I won’t comment much about Obama’s speech on the Middle East, except to say that it was a stitched together mess that will likely have the opposite of the intended effect. Even those typically fairly well-disposed towards Obama are having a difficult time saying anything positive about it: this is one example.
But the foreign policy focus of the last few days combined with recent events in Russia made me think about the “Reset” with Russia. This was one of Obama’s early, signature foreign policy initiatives, and at the time but especially in retrospect it was a harbinger of the unrealism at the heart of his putatively Realist foreign policy.
Those clever folks in the Obama foreign policy team thought that they could manipulate the duumvirate, and in particular work with Medvedev the Modernizer. Medvedev and Obama have had a veritable bromance, for instance being burger buddies at Five Guys. Administration people made clunky attempts to portray Medvedev as the future, and Putin as a relic of the past. They put their chips on building a relationship with the president in the hope that he would prevail over Putin.
This was a sucker bet from the outset, given the clear dominance of Putin in the Russian political landscape. It is now an utter embarrassment given that Medvedev has gone from being perceived as someone with only a slight chance of supplanting Putin, to an object of disdain and mockery.
Medvedev’s much hyped press conference at Skolkovo was a disaster that has unleashed a torrent of criticism and outright ridicule, and is widely reckoned to be the death knell of his political ambitions. The Economist asks what the point was. Time is scathing:
It was impossible to pinpoint the exact moment of the transformation, but by the time Russian President Dmitri Medvedev left the podium after his first big press conference on Wednesday, he had morphed into a lame duck. The problem was not so much that he failed to state his plans for re-election next year, but, as some members of his own circle now admit, the President seemed to be courting a constituency of just one man — Prime Minister Vladimir Putin, who will alone decide whether Medvedev stays or goes.
His unprofessional performance added to the overall commotion and silliness of the event. Medvedev was clearly agitated by the challenge, constantly losing his breath during the first half of the conference, apparently caused by public speech stress. Time and again Medvedev had fits of seemingly uncontrollable giggling when answering questions, also apparently caused by public speech stress. The Kremlin press service announced “the president was pleased by his performance at the conference” (RIA Novosti, May 18). Officially approved observers were bewildered by the uninspiring performance. Known critics of the regime posted angry comments about Medvedev on the Internet demonstrating his utter inability to reform or lead Russia (RIA Novosti, www.newsru.com, May 18).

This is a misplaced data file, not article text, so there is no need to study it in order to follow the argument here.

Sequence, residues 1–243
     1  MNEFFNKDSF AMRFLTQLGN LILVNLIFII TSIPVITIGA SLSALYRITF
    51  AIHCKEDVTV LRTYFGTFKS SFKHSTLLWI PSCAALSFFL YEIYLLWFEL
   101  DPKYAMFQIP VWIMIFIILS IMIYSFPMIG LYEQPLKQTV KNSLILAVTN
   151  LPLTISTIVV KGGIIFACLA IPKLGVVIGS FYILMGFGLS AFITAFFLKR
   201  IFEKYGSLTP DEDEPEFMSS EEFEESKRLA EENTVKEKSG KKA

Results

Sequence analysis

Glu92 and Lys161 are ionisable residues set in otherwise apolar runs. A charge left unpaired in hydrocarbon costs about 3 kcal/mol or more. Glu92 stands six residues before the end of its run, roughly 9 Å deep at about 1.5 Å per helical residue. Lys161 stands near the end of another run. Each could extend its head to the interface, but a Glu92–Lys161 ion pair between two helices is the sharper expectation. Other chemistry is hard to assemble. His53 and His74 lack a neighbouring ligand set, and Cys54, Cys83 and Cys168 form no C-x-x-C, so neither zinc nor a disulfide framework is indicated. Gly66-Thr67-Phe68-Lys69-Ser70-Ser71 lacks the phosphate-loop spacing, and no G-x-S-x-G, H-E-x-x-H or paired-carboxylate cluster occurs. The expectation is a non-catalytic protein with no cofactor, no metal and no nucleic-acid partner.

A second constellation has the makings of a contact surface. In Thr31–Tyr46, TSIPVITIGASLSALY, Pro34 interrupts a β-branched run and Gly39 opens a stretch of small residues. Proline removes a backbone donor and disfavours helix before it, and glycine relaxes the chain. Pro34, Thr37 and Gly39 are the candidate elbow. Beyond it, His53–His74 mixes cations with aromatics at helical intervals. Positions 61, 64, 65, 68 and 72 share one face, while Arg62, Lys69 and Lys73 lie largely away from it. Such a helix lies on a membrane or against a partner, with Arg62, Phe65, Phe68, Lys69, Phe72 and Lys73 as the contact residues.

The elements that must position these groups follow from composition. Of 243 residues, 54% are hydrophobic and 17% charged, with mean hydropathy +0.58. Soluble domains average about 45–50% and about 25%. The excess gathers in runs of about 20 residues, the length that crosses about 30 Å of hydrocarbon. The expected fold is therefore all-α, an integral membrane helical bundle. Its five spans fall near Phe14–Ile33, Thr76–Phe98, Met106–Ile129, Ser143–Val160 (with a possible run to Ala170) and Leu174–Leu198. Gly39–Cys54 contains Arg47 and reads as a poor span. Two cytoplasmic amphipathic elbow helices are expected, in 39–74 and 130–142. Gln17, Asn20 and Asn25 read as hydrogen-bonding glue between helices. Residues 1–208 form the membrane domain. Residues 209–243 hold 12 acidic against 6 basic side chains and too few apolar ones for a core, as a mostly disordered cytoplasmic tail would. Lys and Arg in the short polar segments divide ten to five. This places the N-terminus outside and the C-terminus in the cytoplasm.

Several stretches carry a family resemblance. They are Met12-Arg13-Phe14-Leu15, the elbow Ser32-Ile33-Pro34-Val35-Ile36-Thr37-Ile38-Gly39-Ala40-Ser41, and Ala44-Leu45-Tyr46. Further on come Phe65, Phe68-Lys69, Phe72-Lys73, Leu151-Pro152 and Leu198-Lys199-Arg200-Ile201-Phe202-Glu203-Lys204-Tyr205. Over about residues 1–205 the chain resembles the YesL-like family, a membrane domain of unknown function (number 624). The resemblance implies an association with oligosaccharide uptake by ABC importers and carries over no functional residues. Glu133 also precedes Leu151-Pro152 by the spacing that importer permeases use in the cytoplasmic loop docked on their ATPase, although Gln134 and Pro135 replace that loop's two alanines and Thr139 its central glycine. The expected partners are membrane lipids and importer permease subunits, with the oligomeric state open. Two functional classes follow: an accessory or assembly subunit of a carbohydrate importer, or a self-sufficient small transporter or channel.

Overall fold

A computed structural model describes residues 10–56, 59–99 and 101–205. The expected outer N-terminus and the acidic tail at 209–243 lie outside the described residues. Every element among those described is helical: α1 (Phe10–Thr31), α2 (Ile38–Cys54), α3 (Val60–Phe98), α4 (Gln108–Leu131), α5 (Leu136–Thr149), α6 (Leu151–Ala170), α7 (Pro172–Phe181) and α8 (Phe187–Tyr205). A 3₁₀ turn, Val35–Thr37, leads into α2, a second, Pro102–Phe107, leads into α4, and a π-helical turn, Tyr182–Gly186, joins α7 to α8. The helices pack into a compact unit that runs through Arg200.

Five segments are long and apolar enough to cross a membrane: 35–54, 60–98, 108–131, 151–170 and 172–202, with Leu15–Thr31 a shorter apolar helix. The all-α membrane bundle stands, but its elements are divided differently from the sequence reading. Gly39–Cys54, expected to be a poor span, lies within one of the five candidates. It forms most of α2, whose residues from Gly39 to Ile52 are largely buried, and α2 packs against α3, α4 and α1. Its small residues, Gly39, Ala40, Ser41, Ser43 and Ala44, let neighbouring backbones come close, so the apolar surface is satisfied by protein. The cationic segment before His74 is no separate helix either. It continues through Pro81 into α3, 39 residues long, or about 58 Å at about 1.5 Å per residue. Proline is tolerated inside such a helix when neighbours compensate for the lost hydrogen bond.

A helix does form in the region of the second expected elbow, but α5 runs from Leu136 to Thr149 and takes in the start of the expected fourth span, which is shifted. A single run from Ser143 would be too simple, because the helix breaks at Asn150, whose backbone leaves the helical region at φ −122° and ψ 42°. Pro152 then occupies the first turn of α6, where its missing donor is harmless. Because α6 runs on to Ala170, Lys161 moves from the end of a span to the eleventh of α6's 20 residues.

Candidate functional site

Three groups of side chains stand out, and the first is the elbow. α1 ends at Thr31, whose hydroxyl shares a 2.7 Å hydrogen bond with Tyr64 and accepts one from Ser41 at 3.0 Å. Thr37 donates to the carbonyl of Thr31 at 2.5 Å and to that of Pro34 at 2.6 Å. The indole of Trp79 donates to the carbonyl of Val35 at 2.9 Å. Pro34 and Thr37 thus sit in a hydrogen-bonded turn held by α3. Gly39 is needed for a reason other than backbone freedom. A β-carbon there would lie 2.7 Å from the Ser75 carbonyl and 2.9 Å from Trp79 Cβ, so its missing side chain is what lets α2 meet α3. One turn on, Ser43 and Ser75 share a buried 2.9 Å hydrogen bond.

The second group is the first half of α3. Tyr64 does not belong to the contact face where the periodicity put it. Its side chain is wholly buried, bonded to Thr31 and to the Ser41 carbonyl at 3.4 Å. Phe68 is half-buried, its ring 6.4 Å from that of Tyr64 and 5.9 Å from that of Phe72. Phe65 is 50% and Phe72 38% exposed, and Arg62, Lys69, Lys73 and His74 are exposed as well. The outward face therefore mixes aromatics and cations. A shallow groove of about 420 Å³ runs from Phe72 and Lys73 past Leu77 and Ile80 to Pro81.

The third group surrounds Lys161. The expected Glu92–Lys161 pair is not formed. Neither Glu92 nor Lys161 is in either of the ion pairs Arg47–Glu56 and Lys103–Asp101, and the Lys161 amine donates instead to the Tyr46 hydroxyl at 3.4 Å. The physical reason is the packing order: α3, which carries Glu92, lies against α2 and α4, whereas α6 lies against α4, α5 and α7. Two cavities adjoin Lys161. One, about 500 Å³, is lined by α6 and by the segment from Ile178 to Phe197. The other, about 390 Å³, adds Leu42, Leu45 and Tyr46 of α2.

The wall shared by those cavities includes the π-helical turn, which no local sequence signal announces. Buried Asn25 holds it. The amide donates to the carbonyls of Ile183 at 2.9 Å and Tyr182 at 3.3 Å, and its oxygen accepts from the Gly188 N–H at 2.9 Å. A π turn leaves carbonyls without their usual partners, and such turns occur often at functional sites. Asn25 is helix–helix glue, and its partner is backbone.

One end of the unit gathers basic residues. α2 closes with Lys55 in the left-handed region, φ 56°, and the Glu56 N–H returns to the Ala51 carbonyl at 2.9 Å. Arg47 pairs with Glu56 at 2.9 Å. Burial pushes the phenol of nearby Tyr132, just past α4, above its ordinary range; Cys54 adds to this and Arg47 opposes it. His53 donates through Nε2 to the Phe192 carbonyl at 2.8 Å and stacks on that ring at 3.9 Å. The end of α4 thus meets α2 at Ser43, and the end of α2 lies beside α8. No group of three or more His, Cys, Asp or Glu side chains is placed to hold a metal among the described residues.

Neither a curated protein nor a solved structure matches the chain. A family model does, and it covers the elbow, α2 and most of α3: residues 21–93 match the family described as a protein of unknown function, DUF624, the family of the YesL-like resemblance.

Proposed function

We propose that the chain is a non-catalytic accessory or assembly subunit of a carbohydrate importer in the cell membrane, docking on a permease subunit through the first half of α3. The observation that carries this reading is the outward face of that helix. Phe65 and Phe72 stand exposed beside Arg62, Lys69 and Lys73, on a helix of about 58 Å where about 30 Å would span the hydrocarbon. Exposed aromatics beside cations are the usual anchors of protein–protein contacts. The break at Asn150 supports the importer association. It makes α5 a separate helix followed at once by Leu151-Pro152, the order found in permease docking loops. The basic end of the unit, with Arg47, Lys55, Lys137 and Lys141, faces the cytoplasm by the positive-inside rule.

It seems Putin in 2007 wisely chose Medvedev as his “successor” or a de facto figurehead president. Medvedev, who this week demonstrated the absence of his leadership capabilities and charisma—a lack of intelligence and integrity—will hardly ever be able to effectively lead Russia in a time of change. Many Russians and foreigners who believed that Medvedev—the young and progressive president—will actually modernize, Westernize and liberalize Russia may forget their dreams. Medvedev’s constant chatter about “modernization,” with little or nothing being done, may only cause the Russian populace to begin to hate the term, as the word “democracy” became a popular curse after the unfair and lawless reforms of the 1990’s. Former Kremlin insider Gleb Pavlovsky believes Medvedev’s dismal press conference performance was intended to appeal to Putin to gain endorsement for a second presidential term (Vedomosti, May 19). This is a popular version in Moscow—Medvedev was doing his best to be seen as an incompetent and harmless political nobody for Putin to allow him six more years as a figurehead in the Kremlin.
And Foggy Bottom and the White House–the one on the Potomac, not the Moskva–should be feeling the pain. The alternative scenarios: (a) Medvedev is shoved aside by Putin, or (b) Putin keeps Medvedev like an organ grinder keeps his monkey or a ventriloquist keeps his dummy. Either way, the entire basis of the Reset collapses.
It would probably be best for the US if (a) occurs. For if Putin chooses door (b), it is quite possible that the fantasists in the State Department and the White House will continue to delude themselves that they can build a mutually beneficial relationship with Russia through Medvedev, and make deals and concessions in the hope of building the Reset, whereas even they would have to concede to the reality of Putin’s domination and the futility of the Reset under option (a). Thus, (b) would let Putin to continue to manipulate the United States by exploiting its delusions.
The manipulative potential is one factor that may lead Putin to choose (b). But domestic political considerations will almost certainly prove decisive.
In the US, the Reset has largely faded from view. Obama has moved on to other things. But it should not be forgotten because it provides a very dispiriting example of his foreign policy judgment–or more properly, the lack thereof–and that of his entire foreign policy cadre.
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